… to defend magazine case
Air Namibia has appointed Gupta Advocate Rafik Bhana to represent them in an arbitration matter over the publication of the on-flight magazine ‘Flamingo’, The Patriot has learned.
According to the online news network www.iol.co.za, Bhana represented Atul Kumar Gupta and six other applicants including the Indian state-owned Bank of Baroda, where they sought the removal of the preservation orders that were slapped on them by the Free State High Court after an application by the Asset Forfeiture Unit.
The preservation orders included a freeze on R10 million [N$10 million].
Bhana, The Patriot sources said, is coming at a cost of N$54,000 a day and is accompanied by a junior advocate who is being paid two thirds of his fee which equates to N$36,000.
The national airliner is in arbitration over a disagreement with small market enterprise, Media Nova CC over the extension of the contract to continue publishing the magazine.
While The Patriot has it that the arbitration has been going on for over 16 days so far, Air Namibia yesterday said that the arbitration took place during the periods 29-31 October and 1-5 December last year, and is expected to continue in February this year.
To date, The Patriot has learnt that the technically insolvent airline has spent around N$200,000 a day, totalling an estimated N$6 million on legal fees inclusive of consultation fees.
This is excluding the arbitration process set to continue in February.
Apart from the daily legal fees, Bhana and his junior advocate fly to Namibia in business class every time they are needed in Namibia. A significant bill is also incurred for accommodation at the Hilton hotel.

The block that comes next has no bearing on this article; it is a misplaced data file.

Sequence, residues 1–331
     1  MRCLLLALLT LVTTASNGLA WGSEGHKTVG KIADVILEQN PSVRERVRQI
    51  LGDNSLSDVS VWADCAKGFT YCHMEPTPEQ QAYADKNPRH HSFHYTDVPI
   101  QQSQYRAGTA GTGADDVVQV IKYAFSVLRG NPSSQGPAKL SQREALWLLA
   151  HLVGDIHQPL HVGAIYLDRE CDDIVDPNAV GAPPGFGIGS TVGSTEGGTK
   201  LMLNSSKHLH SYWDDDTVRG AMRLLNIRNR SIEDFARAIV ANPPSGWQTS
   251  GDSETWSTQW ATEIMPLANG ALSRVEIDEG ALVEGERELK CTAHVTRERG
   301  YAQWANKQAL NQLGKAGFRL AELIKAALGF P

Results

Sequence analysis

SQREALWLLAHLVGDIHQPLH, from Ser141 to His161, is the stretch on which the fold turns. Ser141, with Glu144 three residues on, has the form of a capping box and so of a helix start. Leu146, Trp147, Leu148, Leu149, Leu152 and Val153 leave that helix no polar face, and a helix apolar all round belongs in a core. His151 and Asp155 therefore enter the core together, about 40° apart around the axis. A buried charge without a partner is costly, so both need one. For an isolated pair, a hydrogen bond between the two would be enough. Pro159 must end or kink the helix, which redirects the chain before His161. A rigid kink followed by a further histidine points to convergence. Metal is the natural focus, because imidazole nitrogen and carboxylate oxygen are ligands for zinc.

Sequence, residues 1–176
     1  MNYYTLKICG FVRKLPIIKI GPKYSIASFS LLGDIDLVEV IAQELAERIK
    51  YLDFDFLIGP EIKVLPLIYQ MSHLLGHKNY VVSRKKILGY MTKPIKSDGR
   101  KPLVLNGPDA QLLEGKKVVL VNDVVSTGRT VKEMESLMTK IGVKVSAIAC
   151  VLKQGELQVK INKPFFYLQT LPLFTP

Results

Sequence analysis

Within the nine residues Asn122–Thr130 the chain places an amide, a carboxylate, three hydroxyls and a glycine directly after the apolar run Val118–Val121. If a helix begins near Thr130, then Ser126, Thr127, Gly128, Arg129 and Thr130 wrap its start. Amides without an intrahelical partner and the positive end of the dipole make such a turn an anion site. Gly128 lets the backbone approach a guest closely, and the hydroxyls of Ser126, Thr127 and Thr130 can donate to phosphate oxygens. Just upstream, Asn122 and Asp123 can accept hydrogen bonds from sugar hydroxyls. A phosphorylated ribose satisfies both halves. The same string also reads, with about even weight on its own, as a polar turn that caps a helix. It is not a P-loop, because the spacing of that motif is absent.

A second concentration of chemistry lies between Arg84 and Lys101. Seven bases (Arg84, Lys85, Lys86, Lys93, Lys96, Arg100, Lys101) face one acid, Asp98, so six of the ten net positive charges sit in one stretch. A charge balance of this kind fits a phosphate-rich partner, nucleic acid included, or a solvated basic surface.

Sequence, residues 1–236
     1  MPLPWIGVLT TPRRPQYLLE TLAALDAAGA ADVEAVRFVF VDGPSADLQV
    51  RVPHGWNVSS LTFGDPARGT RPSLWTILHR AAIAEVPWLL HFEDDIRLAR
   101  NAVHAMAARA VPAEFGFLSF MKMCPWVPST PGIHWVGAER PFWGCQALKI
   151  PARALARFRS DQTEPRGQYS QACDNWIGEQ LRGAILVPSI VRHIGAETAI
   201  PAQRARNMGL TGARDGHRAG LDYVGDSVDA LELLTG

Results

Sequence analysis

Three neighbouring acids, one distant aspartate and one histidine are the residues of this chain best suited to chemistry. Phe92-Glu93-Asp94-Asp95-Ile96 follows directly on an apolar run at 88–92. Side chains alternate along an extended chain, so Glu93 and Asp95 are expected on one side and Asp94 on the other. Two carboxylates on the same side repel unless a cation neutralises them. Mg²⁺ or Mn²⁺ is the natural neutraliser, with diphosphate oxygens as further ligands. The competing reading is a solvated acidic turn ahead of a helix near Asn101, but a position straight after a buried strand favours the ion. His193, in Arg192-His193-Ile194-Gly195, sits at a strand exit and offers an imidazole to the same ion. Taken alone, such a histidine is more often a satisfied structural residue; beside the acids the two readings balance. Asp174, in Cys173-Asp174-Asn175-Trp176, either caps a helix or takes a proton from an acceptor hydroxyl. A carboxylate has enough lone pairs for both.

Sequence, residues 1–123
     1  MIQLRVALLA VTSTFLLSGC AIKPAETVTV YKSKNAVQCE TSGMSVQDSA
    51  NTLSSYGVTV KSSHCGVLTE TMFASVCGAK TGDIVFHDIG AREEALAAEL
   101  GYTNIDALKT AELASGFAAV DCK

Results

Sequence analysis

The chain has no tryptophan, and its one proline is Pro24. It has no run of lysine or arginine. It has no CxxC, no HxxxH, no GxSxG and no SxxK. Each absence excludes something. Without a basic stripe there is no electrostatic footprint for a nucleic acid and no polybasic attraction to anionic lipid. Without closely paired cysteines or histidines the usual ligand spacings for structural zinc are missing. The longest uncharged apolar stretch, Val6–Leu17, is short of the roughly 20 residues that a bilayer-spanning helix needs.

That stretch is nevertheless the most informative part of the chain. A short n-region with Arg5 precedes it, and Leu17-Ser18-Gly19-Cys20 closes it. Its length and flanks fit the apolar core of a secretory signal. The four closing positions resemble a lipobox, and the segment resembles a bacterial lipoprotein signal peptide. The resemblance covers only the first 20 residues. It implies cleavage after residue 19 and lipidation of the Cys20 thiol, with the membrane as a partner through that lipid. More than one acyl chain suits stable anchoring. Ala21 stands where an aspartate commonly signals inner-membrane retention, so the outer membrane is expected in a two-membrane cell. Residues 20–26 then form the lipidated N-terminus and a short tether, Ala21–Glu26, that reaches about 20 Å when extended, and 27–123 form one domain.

A source, The Patriot spoke to said that it is strange for Air Namibia to spend millions on defending this matter.
The source explained that even if Air Namibia wins the legal action against Media Nova, the financially struggling parastatal still risks writing off between N$3 million and N$4 million in legal fees.
Air Namibia spokesperson Twakulilwa Kayofa did not want to confirm or state how much money the parastatal is spending on legal fees saying “legal fees associated with airline operations remain internal and cannot be shared with the public at large.”
When asked why the airline is making use of South African legal counsel, Kayofa said that it is not uncommon to use South African counsel to handle Namibian matters and that it is an everyday occurrence within the Namibian legal context.
He further said that “the complexity of the matter necessitated the instruction” as the matter deals with “extremely difficult legal prescripts like authority to enter into agreements, Tranquand Rule [to do with complying with company rules], estoppel and collusion.”
Documents seen by The Patriot show that Air Namibia and Media Nova went into arbitration after the two parties could not agree on whether or not there was a legal extension on a contract for the on-flight publication. At issue appears to be the mandate granted to former Air Namibia Chief Operations Officer Rene Gsponer who was appointed Chief Operations Officer (COO) of Air Namibia in 2014.